With Africa holding 15% of the world’s oil reserves, 40% of its gold, and about 80% of the platinum group of metals, natural resources represent important development opportunities for the continent. For example, oil production has been growing steadily in Africa, and is expected to continue to rise at an average rate of six percent per year for the foreseeable future.

UNICEF tells Foreign Affairs – Helping the Bottom Billion is Good — and Good Business

Interesting advice for how the extractive indsutires can make long term and sustainable investments in Mozambique – prioritise the poorest! See below…
May 21, 2012
Prioritize the Poorest – Helping the Bottom Billion is Good — and Good Business
Robert Jenkins and Anthony Lake
ROBERT JENKINS is Associate Director for Policy, Planning, and Programme Monitoring at the United Nations Children’s Fund. ANTHONY LAKE is the Executive Director of the United Nations Children’s Fund.

Students display their work at the Anganwadi centre in Jamsaut village in Bihar. (Gates Foundation/flickr)

The world of international development has long been divided between idealists and pragmatists. The idealists give more weight to addressing the needs of the world’s most destitute. The pragmatists are driven more by impact at the aggregate level, such as increasing GDP per capita. A growing body of evidence, however, suggests that the interests of these groups coincide. In many cases, it is most cost-effective to focus on the poorest groups.

“Minerals will not solve all our problems…” says President Guebuza.

President Guebuza

(2012-05-10) Mozambican President Armando Guebuza warned on Monday that the social and economic problems faced by Mozambicans will not be solved simply through the exploitation of mineral resources, but through integrating the mining sector with other areas of the economy.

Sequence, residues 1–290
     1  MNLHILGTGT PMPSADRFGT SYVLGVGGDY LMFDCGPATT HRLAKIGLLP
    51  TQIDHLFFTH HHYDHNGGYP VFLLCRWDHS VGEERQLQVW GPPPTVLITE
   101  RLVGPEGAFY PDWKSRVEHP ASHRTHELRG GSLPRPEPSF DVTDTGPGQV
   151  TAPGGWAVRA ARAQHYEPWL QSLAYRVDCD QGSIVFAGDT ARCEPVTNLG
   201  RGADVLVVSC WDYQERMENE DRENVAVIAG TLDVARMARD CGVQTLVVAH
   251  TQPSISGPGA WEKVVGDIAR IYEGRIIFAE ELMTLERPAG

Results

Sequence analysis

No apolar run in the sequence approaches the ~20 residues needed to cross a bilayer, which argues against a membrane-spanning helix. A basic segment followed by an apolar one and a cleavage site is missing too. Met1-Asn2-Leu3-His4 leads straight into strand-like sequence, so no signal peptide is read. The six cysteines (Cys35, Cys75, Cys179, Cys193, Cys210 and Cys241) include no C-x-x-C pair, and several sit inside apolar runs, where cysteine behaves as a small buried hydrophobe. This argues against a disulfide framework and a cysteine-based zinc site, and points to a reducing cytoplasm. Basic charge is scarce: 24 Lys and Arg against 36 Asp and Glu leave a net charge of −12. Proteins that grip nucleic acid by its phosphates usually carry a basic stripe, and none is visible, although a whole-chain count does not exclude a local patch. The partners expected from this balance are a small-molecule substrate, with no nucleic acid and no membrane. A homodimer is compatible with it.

Guebuza was speaking in London at a meeting with the Mozambican community resident in Britain.

He recognised that Mozambique could have a brilliant future thanks to the mineral resources it possesses, and others that may be discovered in the future. However, this will only come about gradually.

“The minerals we have discovered will not give their best results immediately”, he said. “It will take time for us to recover the investments made, It will take time but that doesn’t mean that we won’t have gains. We shall gain from the jobs created and the taxes paid. Gradually there will be benefits, although not at the level that would be desirable”.

“This situation is creating impatience”, Guebuza admitted. “But we must keep a cool and clear head, because the benefits will come”.

Firmino Mucavele rightly says…..”You can’t eat minerals!”

One of Mozambique’s top economists, Firmino Mucavele, has warned that, despite the rapid development of the mining industry, Mozambique will go nowhere if it does not build up its agriculture. Cited by Radio Mozambique, Mucavele, who was recently distinguished by NEPAD (New Partnership for Africa’s Development) for his work on agricultural development, warned that you can’t eat minerals – minerals run out, and the resources derived from mining do not guarantee food security.

According to Mucavele, “70 to 80 per cent of the investment in mineral resources is foreign and only 20 per cent of the returns stay in Mozambique”.

Check out the Guardian article….

Congrats to David Smith for his excellent article, challenging many of us in development in Mozambique and other resource rich countries to ask the ever mosre important question — who will gain from all of this future wealth?

Check out David’s article at :